Love it or hate it, we live in a world where monetizing our hobbies is simultaneously easier than ever and simply a fact of life if creatives want to get by. There’s a tacit understanding these days that if you’re spending significant time on something, you ought to find a way to make money doing it. We can debate this state of affairs all day long, but there’s no reason an artist shouldn’t try to make it work for them; writers, photographers, musicians and more will all know that as much as we enjoy these passions, they still require hard work. That work has inherent value, and you never know what can happen if you seek out opportunities to contribute your time and effort.
Step one is always to believe in the value of your work, especially as a writer. Whether or not you cast your lot with the college English majors, they and other wordsmiths have long faced the brunt of jokes about Starbucks jobs and simply not making any money. I’m here to tell you that photographers and musicians have heard the same jests, and that while others may scoff, writing is just as much of a skill as anything in the professional and creative fields. There are very talented people from the worlds of business to the visual arts who cannot write and would bite your hand off to be more articulate on the page. Understanding grammar, sentence structure, cadence, and even spelling can all set you apart.
Step two is to deliver. Even before you pick up any assignments or pitch your first story, be writing more. You could write songs, letters to your friends, a fan fiction of your favorite show, or literally anything else that gets the cogs turning. Writing obviously involves translating thought, but a first draft of anything should always be more about feeling. Some ideas will live, others will die, but by and large the act of writing often will shorten the gap between thinking and feeling. It won’t happen all the time, but sometimes the words will come quicker and the will doubts stay away entirely. Even when you feel you might be forcing yourself to write, the result might surprise you. As Maya Angelou said, “You can’t use up creativity. The more you use, the more you have.”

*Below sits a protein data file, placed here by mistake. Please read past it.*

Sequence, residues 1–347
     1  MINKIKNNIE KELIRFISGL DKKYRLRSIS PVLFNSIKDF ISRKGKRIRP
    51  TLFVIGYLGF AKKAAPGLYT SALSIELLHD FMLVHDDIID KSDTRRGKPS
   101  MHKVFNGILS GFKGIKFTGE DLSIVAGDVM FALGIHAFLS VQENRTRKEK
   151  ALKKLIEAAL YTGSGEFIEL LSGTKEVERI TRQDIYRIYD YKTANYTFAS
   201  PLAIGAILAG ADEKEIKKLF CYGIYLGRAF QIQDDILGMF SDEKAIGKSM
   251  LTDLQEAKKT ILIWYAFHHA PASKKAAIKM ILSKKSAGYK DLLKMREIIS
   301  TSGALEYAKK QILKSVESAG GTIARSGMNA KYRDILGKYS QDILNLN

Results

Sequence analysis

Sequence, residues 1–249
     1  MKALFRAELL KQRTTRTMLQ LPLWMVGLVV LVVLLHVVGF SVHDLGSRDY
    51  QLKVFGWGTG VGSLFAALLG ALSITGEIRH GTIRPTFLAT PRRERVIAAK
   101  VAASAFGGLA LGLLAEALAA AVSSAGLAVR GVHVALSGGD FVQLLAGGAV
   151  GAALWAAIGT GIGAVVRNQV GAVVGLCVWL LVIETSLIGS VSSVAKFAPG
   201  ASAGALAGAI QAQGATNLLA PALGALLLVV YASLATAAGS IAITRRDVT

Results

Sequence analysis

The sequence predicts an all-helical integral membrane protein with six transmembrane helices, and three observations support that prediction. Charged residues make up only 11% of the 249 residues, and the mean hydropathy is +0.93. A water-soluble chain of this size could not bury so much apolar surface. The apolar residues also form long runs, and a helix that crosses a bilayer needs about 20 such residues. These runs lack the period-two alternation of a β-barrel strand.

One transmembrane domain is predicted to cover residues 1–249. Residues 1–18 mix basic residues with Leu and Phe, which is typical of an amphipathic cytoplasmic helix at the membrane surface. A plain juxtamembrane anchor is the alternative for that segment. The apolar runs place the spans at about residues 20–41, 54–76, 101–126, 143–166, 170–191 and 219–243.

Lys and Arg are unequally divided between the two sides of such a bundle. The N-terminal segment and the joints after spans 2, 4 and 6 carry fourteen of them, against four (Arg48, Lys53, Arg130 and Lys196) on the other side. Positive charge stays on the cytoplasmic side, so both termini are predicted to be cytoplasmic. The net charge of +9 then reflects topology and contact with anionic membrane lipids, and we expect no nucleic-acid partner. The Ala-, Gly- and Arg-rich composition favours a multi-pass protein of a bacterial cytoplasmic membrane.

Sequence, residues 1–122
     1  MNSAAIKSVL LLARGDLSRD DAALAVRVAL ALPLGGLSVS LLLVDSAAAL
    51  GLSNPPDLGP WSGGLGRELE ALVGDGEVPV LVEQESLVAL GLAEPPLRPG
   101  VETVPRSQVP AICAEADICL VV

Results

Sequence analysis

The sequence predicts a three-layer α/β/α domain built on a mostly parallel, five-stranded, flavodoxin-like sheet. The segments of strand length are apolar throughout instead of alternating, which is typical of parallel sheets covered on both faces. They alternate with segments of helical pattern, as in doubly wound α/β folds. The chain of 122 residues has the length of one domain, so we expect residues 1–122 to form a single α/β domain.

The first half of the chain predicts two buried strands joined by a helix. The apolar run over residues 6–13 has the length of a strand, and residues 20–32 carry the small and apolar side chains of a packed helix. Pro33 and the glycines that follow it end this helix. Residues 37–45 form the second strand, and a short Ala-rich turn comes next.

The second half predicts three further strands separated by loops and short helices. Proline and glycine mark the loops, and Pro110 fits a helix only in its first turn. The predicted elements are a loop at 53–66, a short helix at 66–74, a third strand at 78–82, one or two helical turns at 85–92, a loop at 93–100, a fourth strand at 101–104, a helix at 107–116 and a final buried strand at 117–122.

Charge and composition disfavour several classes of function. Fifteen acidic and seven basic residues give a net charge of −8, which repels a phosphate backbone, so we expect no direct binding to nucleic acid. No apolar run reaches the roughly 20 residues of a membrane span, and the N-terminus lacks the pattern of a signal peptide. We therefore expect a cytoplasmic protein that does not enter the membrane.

Before you even pitch, submit, or work to a deadline for a publication, holding yourself accountable to habitual writing will make writing for work seem less like work. It’s the only way to discover your voice as a writer―which is really just a matter of confidence. These elements will set you apart from writers who have great stories or ideas, but lack the tools to properly realize them. Considering how many pitches that travel publications (and indeed, any publication) receive, it’s crucial to stand out with your words from the outset.
Step three, and something to value throughout this process, is patience. Your first few pitches may not be accepted, or a publication may not be able to pay you yet. If your portfolio is small or you simply don’t have one, your first and only goal should be to get published and have a product that you can present to potential clients. None of my paid writing work could have happened without internships and work for “exposure,” which may sound frustrating but is actually the only instance where I’ve worked for free in an industry and then been able to advance. The freelance and non-contractual nature of such work actually works in the writer’s favor here.